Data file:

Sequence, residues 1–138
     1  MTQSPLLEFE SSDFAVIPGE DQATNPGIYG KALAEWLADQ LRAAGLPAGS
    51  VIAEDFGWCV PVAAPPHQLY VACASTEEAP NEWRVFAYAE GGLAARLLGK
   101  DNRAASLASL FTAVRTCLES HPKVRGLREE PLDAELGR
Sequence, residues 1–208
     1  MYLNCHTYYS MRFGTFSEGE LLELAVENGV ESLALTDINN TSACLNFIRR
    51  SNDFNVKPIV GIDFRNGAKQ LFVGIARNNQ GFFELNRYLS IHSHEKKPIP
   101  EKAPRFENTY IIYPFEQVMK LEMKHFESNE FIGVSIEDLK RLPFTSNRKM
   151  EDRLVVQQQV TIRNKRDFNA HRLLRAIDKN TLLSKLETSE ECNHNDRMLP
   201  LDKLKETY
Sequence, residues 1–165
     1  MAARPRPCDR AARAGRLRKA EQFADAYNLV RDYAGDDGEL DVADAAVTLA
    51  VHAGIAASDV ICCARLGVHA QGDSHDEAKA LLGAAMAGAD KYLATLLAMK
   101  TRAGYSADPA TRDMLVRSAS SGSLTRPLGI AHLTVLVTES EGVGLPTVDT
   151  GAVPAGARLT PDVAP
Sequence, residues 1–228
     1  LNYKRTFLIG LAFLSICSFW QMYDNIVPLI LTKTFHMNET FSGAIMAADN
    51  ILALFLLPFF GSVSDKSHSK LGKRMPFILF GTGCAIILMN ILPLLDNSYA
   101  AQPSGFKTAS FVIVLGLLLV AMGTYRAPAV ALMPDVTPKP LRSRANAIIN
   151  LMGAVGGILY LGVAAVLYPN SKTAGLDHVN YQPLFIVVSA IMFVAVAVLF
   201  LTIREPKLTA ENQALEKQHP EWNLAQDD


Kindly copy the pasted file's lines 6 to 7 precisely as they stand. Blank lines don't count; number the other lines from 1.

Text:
     1  MYLNCHTYYS MRFGTFSEGE LLELAVENGV ESLALTDINN TSACLNFIRR
    51  SNDFNVKPIV GIDFRNGAKQ LFVGIARNNQ GFFELNRYLS IHSHEKKPIP